Language in focus: Marketing translation

April 13, 2016 by Alison Tunley

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In this series so far we have looked at the difficulties of the fields of medical and legal translation. Translating within the fields of marketing and media brings its own set of issues. As our readers should all be aware by now translation isn’t simply a case of replacing one word by another in a different language. Each translated piece of material should carry the same message and be as effective as it would be in the original language. Producing translations of marketing materials that are highly effective in the target language can be a complex undertaking. At Rosetta Translation we take the time to understand the words, the context, the target audience and the purpose of the document in order to guarantee this ‘equivalent effect’.

 

But, we’re not here to simply market ourselves, we’re here to educate and entertain you also. So let’s delve a little deeper into the potential problems faced by marketing and media translators.

 

Translation vs. transcreation

Often, taking one text created in one language and intended for use in the country where that language is spoken, and then translating it literally, albeit accurately, means that the text becomes less effective and occasionally incomprehensible to the target audience. Marketing texts are written by creative individuals; they tell a story, paint a picture and ultimately create a connection with the reader within that cultural context. Transposing this into another culture without going through the same thought and creative processes as the original author causes great problems. As such, translators will usually be faced with the task of ‘transcreating’, whereby they take the original intention, concept and ideas of the source text and retell the story in the target language so that the text has an equivalent effect (in translation terms this means that the effect of a translation on its readers should be as close to that of the source document on its readers).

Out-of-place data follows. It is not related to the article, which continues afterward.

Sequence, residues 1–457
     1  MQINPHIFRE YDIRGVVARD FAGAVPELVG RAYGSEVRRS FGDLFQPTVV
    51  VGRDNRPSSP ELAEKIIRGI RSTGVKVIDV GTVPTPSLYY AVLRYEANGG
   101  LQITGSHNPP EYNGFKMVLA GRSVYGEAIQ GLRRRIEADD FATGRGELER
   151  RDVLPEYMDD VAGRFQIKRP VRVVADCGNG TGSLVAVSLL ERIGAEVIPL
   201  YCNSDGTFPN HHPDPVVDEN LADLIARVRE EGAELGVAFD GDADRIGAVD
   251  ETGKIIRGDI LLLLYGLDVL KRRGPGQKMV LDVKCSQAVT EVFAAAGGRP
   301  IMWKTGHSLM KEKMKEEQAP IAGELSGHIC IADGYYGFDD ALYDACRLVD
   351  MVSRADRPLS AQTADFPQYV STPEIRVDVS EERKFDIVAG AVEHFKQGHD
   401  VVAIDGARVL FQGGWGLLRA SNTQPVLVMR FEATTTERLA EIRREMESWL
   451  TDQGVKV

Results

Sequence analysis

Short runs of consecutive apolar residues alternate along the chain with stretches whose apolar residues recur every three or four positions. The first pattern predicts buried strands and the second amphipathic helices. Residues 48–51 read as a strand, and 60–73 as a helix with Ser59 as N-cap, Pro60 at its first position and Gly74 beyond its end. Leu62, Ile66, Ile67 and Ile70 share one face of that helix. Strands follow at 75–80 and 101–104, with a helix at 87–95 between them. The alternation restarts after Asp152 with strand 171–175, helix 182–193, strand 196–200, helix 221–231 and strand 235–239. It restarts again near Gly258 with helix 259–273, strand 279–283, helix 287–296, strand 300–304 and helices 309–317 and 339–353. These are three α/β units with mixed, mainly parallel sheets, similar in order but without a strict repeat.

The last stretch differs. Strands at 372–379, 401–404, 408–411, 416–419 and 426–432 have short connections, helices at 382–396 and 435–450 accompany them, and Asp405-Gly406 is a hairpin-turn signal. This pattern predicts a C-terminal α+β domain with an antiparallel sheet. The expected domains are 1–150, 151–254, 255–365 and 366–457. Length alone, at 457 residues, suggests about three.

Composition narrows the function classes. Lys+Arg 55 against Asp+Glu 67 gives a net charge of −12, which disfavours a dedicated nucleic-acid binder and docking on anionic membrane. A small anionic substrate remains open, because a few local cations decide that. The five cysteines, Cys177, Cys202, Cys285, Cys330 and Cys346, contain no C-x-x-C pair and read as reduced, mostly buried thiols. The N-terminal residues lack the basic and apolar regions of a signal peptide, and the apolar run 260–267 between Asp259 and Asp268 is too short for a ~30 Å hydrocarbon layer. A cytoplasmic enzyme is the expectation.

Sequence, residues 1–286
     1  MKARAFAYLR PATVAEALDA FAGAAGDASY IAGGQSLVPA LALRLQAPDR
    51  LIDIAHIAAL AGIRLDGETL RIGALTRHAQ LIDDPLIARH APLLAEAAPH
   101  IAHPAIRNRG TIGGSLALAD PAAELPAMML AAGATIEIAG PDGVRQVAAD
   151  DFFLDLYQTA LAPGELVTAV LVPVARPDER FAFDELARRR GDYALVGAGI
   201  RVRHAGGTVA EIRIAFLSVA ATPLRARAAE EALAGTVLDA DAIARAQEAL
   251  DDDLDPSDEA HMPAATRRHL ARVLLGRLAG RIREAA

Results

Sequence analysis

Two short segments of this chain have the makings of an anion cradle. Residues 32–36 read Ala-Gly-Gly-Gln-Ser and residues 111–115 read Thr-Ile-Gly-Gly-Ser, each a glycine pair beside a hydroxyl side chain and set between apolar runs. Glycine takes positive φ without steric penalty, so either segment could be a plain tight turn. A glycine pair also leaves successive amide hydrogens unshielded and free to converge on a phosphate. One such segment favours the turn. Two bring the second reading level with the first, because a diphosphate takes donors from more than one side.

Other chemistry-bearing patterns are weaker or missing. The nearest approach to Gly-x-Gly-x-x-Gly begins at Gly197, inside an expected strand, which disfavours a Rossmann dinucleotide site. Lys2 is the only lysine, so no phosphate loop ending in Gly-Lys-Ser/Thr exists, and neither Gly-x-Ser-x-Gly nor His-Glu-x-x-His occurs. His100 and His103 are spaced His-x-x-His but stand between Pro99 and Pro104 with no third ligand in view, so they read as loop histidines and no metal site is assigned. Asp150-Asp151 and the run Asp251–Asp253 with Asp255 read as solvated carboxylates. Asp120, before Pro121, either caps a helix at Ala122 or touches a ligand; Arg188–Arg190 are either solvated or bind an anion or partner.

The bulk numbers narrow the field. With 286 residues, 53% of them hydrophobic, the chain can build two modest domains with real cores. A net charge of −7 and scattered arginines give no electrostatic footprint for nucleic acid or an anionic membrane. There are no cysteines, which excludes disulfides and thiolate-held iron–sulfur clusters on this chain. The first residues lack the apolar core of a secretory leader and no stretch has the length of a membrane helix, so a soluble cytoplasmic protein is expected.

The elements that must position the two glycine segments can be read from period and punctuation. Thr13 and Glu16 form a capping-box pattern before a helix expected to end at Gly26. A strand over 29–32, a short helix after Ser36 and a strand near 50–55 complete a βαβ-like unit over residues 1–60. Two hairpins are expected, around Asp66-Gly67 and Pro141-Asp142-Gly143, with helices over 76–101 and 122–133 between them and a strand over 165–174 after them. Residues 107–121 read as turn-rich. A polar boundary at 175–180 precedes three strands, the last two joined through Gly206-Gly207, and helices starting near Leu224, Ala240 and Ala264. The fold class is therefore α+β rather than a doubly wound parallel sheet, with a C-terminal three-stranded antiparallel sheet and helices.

Idiom

In a previous article we looked at the problems of translating idiom. This is especially true with marketing materials, as they often call for phrases and language peculiar to the target market. Understanding these turns of phrase is one thing, translating them into something equally as entertaining and effective is another.

 

Slogans, straplines and catch phrases

Well known products and brands also have well known slogans: Just Do It (Nike), I’m lovin’ it (MacDonalds), Every Little Helps (Tesco) are just a few that spring to mind. Being able to translate these kinds of catch phrases means becoming a creative mastermind, not an easy task for anyone!

 

A text that doesn’t quite hit the mark can leave readers feeling bemused and confused, or downright hilarity could ensue if it’s wildly left of the mark. Having a clear brief and also the support of the client is crucial in this type of translation project, so that both parties know what is expected of the finished translation. Working with clients to create a text that can fit into a culturally suitable and country specific marketing strategy is important. Additionally, translators need to be asking for as much detail/context as possible (as the original author would have done) in order to create a text that is the perfect fit.

 

We’ve worked with clients such as Mediacom and Mind Gym over a number of years, carefully selecting linguists who have experience working in the media and marketing sector in their local countries. This has ensured that our team of specialists can proficiently localise the material for translation so that it is well received by audiences worldwide.

 

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Taylor Wessing LLP

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Maximus Crushing and Screening

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